“At this time, when we are determined to expand government revenue in order to increase our capacity to finance our own development, can we afford to reduce tax revenue by GH¢4 billion?” he quizzed.

“The government is currently confronted by very tight financing conditions, in the wake of inadequate domestic revenue mobilisation,” he indicated.

The President said part of the revenue from the taxes on petroleum products was used to pay the salaries of public sector workers on government payroll.

Permanent solutions

He gave an assurance that the government was addressing the issue of fuel price increases by implementing measures, some of which had succeeded in stabilising the exchange rate, a key determinant of fuel prices.

“The government is also working hard to ensure reliable supply and availability of petroleum products, thereby preventing shortages, a phenomenon which was being experienced in some neighbouring countries. By the same token, we are keeping the lights on in Ghana,” he added.

The President reminded Ghanaians that even though the country was a producer of crude oil, with a current output of 148,000 barrels per day, it was still a net importer of petroleum products and, therefore, continued to be vulnerable to the price volatilities of petroleum products on the world market.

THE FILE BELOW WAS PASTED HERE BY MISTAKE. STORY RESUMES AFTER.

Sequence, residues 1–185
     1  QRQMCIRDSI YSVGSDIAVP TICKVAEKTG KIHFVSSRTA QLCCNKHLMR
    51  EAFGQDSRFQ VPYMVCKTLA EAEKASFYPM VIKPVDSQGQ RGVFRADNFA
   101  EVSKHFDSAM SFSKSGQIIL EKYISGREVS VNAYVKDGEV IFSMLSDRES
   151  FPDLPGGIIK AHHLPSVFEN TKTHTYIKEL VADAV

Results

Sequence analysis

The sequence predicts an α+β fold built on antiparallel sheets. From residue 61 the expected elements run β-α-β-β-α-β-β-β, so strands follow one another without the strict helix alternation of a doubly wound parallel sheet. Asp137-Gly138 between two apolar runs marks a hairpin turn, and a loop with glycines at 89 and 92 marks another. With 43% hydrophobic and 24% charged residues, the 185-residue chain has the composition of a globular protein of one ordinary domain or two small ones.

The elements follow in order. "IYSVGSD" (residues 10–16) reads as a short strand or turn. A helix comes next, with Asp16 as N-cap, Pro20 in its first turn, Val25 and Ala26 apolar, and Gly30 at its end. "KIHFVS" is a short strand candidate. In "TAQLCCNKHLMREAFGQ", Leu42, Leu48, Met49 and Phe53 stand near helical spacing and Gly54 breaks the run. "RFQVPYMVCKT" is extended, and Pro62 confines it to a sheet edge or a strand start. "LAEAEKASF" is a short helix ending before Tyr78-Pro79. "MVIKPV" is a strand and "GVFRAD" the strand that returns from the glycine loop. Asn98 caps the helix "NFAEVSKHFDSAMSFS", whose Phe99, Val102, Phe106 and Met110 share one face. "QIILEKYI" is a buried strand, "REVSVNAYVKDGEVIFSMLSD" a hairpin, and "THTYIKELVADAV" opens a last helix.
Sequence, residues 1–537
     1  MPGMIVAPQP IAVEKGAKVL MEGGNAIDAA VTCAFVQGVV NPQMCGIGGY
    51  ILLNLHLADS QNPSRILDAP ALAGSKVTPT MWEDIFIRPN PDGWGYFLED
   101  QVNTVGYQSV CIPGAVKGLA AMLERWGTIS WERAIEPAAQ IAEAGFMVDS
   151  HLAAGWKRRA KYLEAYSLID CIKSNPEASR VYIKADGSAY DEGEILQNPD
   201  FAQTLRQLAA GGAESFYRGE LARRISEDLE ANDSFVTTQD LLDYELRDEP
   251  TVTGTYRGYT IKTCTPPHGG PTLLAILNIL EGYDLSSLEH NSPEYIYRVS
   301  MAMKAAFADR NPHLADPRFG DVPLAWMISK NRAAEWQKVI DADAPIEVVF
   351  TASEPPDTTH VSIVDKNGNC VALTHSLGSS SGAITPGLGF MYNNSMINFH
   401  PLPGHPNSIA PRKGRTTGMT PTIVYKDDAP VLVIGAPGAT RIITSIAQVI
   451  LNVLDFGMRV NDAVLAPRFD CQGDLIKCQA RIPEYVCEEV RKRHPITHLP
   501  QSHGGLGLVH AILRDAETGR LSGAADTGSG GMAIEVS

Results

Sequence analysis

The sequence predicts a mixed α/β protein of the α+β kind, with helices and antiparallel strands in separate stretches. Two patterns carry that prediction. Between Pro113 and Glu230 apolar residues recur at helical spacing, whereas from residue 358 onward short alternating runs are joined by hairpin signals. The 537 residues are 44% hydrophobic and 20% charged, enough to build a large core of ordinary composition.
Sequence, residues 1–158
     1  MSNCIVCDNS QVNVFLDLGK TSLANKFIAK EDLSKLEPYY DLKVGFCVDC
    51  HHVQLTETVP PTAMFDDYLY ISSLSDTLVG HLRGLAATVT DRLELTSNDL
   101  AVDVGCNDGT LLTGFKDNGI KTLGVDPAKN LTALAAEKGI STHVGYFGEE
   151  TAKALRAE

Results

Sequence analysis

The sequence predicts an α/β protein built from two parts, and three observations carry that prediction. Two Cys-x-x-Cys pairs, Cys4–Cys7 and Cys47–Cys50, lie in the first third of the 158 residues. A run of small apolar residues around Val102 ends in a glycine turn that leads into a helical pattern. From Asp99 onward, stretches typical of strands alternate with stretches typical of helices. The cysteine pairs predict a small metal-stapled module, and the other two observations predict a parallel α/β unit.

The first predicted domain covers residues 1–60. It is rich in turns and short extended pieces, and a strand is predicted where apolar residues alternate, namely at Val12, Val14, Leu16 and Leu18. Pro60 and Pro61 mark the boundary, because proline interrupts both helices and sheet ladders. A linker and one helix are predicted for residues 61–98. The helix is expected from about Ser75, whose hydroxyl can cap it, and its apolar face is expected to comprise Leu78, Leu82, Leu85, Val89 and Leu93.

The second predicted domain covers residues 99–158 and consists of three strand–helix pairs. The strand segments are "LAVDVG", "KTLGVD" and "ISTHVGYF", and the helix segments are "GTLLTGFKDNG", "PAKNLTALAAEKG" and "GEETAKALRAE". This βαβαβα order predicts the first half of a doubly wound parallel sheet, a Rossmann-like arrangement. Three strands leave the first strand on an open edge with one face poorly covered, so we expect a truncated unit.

He said the government was making intense efforts to rehabilitate the Tema Oil Refinery (TOR) to enable it to contribute to stabilising petroleum prices.

He said the government was also encouraging private companies to establish refineries in the country, one of which was 80 per cent complete and was expected to be inaugurated before the end of this year.

He said the government could not take ad hoc measures that would give only temporary reprieve and aggravate the situation in the medium to long term.

“As much as possible, let us use existing institutions and sustainable measures to address these concerns,” President Akufo-Addo said.

Impact

He noted that just as the social partners had worked together to reduce the impact of COVID-19 on lives and livelihoods and grown the economy from 3.4 per cent in 2016 to an average annual growth rate of seven in 2017 before the pandemic struck, he remained confident that they could, in the same spirit, work to sustain the rebound of the economy and thereby help improve the living standards of the citizenry.